About a year ago, Helen Bevan compared me to Lois Weisburg.
And, when I did a bit of research to find out who this lady was, I was at first flattered and then intrigued … and then felt a bit of fraud.
Lois was good at building connections and informal communities and, so it seems am I. But Lois managed to do this in the middle of a small town by talking to people she met whereas I have the infinite possibilities of technology and social media, and in particular the magical tool which is Twitter.
It is true that I am absolutely fascinated by making connections and have written about this before. I love meeting wonderful people, and equally pleased when I manage to connect other like-minded people and see them building their own relationships and collaborations.
This ability or gift, however you like to describe it, has led to the most amazing opportunities – but top of the list being the wonderful experiences I have had with my Australian friend Kate Swaffer (we met – you guessed it – via Twitter and blogging) culminating in a Whose Shoes? mini tour of Australia, December 2014, and co-presenting our social media story at the Opening Reception of the World Alzheimer’s conference earlier this year.
So people ask how this happens – particularly people who don’t ‘get’ Twitter.
So this is what has happened in the last few days…
Thursday and Friday were fascinating days for me and seemed a microcosm of what is happening on a much larger scale in my life. Thursday was a series of face-to-face meetings; Friday was a very similar experience but the connections came more through telephone calls and social media.
I think to put my musings in context, I need to link at this point to ‘Invisible Hordes‘, a wonderful blog this week by Richard Martin, @IndaloGenesis .
I have found this blog so fascinating it is almost haunting. It is set in a recruitment context, but to me applies to every encounter that we have. When you consider that the person that you meet is not just one person with unique skills, knowledge and attributes, but the door to their own individual and unique network of friends and connections, it is truly mind blowing. This is very much the reality for all of us, if we let it be and if we are equally prepared to share our own ‘invisible hordes’: the magic only happens through true reciprocity.
I think these thoughts and feelings have been highlighted for me because I have recently discovered a whole new community, I almost want to call it a family, of people who are passionate about maternity services.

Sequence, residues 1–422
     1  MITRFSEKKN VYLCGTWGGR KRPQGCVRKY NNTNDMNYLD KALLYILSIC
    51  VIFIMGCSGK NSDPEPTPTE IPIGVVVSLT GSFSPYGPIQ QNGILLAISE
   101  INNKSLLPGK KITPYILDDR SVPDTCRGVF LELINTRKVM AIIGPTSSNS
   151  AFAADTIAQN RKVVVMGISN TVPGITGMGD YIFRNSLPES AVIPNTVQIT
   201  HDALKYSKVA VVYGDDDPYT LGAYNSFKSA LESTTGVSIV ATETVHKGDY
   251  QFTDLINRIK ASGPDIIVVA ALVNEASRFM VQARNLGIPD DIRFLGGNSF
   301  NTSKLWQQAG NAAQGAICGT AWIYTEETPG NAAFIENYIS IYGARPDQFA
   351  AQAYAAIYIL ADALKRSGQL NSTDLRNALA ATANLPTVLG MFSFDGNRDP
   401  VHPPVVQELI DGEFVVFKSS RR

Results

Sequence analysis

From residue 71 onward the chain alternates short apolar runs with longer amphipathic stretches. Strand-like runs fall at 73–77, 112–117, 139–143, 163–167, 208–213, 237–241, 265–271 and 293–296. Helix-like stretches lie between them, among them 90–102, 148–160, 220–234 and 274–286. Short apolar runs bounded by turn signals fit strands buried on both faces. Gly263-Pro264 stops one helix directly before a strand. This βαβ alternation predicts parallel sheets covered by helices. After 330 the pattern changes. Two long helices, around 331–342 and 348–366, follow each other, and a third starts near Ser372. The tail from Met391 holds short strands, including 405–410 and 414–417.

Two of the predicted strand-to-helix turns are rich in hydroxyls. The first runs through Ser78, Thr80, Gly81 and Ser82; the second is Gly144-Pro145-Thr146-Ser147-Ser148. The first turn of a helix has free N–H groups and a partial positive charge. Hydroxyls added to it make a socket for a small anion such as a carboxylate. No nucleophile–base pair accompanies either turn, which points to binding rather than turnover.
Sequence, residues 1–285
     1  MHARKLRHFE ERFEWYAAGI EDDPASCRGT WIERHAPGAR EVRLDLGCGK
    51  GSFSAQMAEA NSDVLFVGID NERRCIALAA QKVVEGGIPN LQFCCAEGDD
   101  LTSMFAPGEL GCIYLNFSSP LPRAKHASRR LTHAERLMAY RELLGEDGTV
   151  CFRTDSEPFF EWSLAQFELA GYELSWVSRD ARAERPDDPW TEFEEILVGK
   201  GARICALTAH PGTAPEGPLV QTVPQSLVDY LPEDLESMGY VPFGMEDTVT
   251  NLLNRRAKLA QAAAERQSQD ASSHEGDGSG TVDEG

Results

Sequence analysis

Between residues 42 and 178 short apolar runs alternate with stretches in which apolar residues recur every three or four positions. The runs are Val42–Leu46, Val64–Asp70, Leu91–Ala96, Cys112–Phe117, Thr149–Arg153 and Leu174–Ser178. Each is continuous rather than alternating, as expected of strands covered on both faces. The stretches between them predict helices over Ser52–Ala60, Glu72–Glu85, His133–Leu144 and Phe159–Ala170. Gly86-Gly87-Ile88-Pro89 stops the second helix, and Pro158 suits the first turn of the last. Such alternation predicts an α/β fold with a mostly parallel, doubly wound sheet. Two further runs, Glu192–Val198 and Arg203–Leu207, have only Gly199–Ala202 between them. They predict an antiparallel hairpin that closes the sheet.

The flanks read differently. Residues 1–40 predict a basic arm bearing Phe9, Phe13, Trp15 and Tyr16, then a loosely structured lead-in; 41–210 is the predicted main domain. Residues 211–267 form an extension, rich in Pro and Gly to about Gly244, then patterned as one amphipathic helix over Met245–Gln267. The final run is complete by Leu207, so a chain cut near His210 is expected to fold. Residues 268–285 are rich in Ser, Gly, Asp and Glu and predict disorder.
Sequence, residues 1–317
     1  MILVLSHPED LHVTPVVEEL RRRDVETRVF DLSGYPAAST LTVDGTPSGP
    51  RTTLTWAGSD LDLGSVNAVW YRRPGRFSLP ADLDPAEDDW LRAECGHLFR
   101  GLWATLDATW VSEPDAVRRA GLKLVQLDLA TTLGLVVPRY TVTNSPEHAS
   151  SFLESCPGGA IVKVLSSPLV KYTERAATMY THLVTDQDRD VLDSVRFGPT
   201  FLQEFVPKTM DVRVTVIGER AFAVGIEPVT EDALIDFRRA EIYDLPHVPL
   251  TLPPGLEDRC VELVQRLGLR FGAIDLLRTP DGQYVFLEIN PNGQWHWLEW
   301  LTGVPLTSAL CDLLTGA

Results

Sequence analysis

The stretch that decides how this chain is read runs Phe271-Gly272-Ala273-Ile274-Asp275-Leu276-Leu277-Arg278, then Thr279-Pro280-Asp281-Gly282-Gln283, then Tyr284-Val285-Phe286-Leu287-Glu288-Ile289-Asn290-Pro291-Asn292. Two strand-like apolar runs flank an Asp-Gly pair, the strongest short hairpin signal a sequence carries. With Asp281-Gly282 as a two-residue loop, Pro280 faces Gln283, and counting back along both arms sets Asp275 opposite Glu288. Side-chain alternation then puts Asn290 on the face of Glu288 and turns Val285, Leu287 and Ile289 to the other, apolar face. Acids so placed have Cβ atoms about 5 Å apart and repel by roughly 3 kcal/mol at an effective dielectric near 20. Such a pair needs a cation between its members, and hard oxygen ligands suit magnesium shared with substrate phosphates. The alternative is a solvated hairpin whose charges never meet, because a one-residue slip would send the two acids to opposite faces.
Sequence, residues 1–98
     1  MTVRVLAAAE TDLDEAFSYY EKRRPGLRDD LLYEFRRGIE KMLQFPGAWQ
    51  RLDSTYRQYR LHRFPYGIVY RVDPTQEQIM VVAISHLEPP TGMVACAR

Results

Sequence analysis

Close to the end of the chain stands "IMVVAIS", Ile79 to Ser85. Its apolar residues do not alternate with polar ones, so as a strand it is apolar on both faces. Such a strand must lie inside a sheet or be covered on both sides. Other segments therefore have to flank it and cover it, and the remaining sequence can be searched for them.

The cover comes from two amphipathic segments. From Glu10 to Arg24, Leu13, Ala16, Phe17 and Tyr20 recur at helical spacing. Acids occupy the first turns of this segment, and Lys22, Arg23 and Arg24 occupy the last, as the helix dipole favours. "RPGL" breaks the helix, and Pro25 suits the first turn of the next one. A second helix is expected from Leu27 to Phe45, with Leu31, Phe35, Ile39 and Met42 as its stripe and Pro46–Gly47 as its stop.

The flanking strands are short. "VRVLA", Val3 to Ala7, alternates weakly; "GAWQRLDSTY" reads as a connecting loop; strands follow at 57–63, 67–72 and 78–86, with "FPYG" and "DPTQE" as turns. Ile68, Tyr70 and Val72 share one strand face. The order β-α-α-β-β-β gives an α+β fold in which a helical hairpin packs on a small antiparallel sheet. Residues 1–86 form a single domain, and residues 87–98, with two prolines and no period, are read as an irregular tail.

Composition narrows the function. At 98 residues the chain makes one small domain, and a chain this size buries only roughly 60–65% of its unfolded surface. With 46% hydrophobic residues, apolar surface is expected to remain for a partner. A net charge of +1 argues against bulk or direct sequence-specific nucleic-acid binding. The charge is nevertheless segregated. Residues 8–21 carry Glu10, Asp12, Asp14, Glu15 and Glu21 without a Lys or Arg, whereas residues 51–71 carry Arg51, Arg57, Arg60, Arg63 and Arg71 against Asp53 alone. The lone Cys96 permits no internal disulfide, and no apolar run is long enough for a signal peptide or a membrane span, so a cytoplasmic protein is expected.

Apart from having three children myself (an ‘expert by experience’, albeit a while ago!) this is a whole new area for me, but oh-so-familiar in terms of key challenges around all the things that I believe in and work so hard for: person centred approaches, dignity and respect for all and compassion and humanity and choice that empowers people rather than exploits vulnerability. I have been very honoured to be invited to write a chapter about this, which has now been accepted in the wonderful forthcoming book edited by Sheena Byrom and Professor Soo Downe “The Roar Behind the Silence: why kindness, compassion and respect matter in maternity care”
I will aim to write more about our Whose Shoes? maternity project when the time is right, but that is not the subject of this particular blog. It is more about the networks.
And as I sat in quite a small meeting at NHS England in London, it was as if the whole Twitter community was in the room.
There had been a huge buildup and the small team I am working with are using social media really well to build energy and bring passionate people together. This is just a flavour – honestly!
We even got sent some wooden clogs from Holland!
I am now in Twitter conversation with the Head of Midwifery in my local hospital in Coventry – indeed it looks as though we will meet! 🙂
It is fantastic to find there is so much passion and good practice around. Twitter is bringing us together in a web that is as rich and as beautiful as any spider could weave in the sunlight.
So, it is still only Thursday lunch-time and next I was meeting a school friend for lunch. I couldn’t believe the coincidence that her eldest daughter works with the people I had just met with and had come to give me a hug before the meeting started. The most senior person in the room had been to her wedding only a couple of months ago and had met my schoolfriend, the bride’s mother, and spoke highly of her. I couldn’t believe the coincidence, and again my mind went wild reflecting on how all our different personal and professional connections interplay.